SINKING OF THE RMS TITANIC & THE RADIO ROOM CLOCK

The sinking of the RMS Titanic occurred on the night of 14 April through to the morning of 15 April 1912 in the North Atlantic Ocean, four days into the ship's maiden voyage from Southampton to New York City. The largest passenger liner in service at the time, Titanic had an estimated 2,224 people on board when she struck an iceberg at around 23:40 (ship's time) on Sunday, 14 April 1912. Her sinking two hours and forty minutes later at 02:20 (05:18 GMT) on Monday, 15 April resulted in the deaths of more than 1,500 people, which made it one of the deadliest peacetime maritime disasters in history.

AS A DIRECT RESULT OF THIS TRAGIC ACCIDENT CONGRESS ENACTED IMMEDIATE LEGISLATION.

Hence the birth of the Radio Act of 1912 (37 Stat. 302), which is a United States federal law that mandated that all radio stations in the United States be licensed by the federal government, as well as mandating that seagoing vessels continuously monitor distress frequencies. The original bill was initiated during the investigations following the sinking of the Titanic. The act set a precedent for international and federal legislation of wireless communications.

Because of the need to comply with the Radio Act of 1912, which required a 24-hour radio watch at sea, The CHELSEA CLOCK Company created and led a clock design featuring two 3-minute periods highlighted in red to mark a silent period when only emergency radio messages could be transmitted. Two green markings designate silent periods during which time one would listen for coastal distress signals.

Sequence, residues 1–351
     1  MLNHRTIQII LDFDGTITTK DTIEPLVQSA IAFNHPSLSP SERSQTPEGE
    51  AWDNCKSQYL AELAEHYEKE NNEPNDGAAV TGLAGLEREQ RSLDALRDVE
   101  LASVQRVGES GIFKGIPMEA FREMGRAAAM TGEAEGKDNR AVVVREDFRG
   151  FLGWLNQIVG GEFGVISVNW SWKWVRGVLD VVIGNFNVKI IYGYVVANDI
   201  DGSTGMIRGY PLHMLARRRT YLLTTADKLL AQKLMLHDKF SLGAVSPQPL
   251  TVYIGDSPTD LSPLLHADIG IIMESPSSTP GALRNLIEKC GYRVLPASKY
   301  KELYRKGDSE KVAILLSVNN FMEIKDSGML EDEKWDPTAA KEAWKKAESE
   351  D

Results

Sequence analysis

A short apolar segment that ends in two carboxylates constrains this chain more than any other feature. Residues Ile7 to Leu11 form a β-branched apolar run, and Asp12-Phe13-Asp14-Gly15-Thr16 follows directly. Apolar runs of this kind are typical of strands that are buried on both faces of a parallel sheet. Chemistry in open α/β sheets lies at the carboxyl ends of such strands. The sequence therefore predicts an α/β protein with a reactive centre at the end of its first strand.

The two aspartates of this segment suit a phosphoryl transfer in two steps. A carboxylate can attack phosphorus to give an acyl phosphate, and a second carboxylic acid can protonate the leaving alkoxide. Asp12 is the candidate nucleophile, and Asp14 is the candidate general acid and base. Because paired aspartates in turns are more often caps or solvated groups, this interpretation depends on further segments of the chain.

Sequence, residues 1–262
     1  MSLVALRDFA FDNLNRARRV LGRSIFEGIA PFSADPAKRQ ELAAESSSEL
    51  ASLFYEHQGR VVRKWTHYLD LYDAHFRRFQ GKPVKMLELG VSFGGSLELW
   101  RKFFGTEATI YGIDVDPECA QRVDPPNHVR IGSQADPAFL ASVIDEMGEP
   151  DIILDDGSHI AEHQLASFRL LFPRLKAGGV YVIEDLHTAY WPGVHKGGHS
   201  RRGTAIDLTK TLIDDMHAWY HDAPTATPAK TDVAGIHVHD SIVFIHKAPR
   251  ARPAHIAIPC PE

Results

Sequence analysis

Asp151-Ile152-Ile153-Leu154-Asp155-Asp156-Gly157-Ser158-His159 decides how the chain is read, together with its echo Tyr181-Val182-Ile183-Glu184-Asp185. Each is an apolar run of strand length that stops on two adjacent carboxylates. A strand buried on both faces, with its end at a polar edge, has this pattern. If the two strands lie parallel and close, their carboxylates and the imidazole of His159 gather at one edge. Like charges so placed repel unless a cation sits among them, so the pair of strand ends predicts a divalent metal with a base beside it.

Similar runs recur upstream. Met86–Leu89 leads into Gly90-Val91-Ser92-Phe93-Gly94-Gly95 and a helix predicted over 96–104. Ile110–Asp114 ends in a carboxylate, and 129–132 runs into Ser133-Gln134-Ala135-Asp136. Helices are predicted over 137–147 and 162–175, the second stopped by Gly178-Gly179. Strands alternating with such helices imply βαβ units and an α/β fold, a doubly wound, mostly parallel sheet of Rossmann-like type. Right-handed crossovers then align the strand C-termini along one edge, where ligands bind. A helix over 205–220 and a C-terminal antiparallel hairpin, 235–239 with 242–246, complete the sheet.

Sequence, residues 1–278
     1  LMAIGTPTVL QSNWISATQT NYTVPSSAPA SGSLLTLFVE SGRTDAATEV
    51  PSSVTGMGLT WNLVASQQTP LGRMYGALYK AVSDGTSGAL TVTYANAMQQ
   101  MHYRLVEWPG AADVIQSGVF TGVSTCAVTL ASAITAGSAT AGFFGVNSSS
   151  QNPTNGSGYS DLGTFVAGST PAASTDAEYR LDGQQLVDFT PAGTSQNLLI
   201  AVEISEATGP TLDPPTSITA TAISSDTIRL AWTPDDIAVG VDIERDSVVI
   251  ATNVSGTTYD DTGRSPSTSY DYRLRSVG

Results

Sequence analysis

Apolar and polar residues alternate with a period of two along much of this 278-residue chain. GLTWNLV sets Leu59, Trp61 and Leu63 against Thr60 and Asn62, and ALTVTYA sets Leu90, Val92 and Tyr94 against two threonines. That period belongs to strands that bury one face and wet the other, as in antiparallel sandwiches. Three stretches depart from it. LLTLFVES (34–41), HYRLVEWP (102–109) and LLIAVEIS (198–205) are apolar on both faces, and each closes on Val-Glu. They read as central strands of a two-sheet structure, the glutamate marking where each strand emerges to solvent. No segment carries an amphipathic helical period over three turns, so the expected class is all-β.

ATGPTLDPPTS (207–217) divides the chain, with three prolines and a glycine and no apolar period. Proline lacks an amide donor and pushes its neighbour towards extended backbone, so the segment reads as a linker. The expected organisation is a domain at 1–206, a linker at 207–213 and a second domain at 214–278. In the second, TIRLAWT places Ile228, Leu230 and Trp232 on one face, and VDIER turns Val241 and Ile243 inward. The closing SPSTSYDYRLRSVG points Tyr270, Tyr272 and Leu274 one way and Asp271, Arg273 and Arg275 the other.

Over the years Chelsea has produced thousands of these types of clocks according to U.S. government specifications for use aboard military vessels.

You can become a part of history and get your very own BRAND NEW CHELSEA - 6" Dial Radio Room Clock.

MADE IN THE UNITED STATES.

The Radio Room Clock case is made from phenolic - a high-impact, heat-resistant black resin that stands up to time and the elements. Likewise, the lens is crafted from a durable, shatter-proof clear polycarbonate resin. Its hinged bezel and brass screw-bolt lock offers easy access for adjustments. The Radio Room Clock mounts to most any surface and includes matching black mounting hardware.

Note:  The disaster also led to this clock design, which features two 3-minute periods marked in red, indicating Morse Code silence periods when only distress, urgent, and safety signals could be transmitted. Two green markings, likewise, designate silent periods on voice transmissions, where one would listen for or transmit distress signals. All ships and coastal stations kept a mandatory listening watch for such signals.

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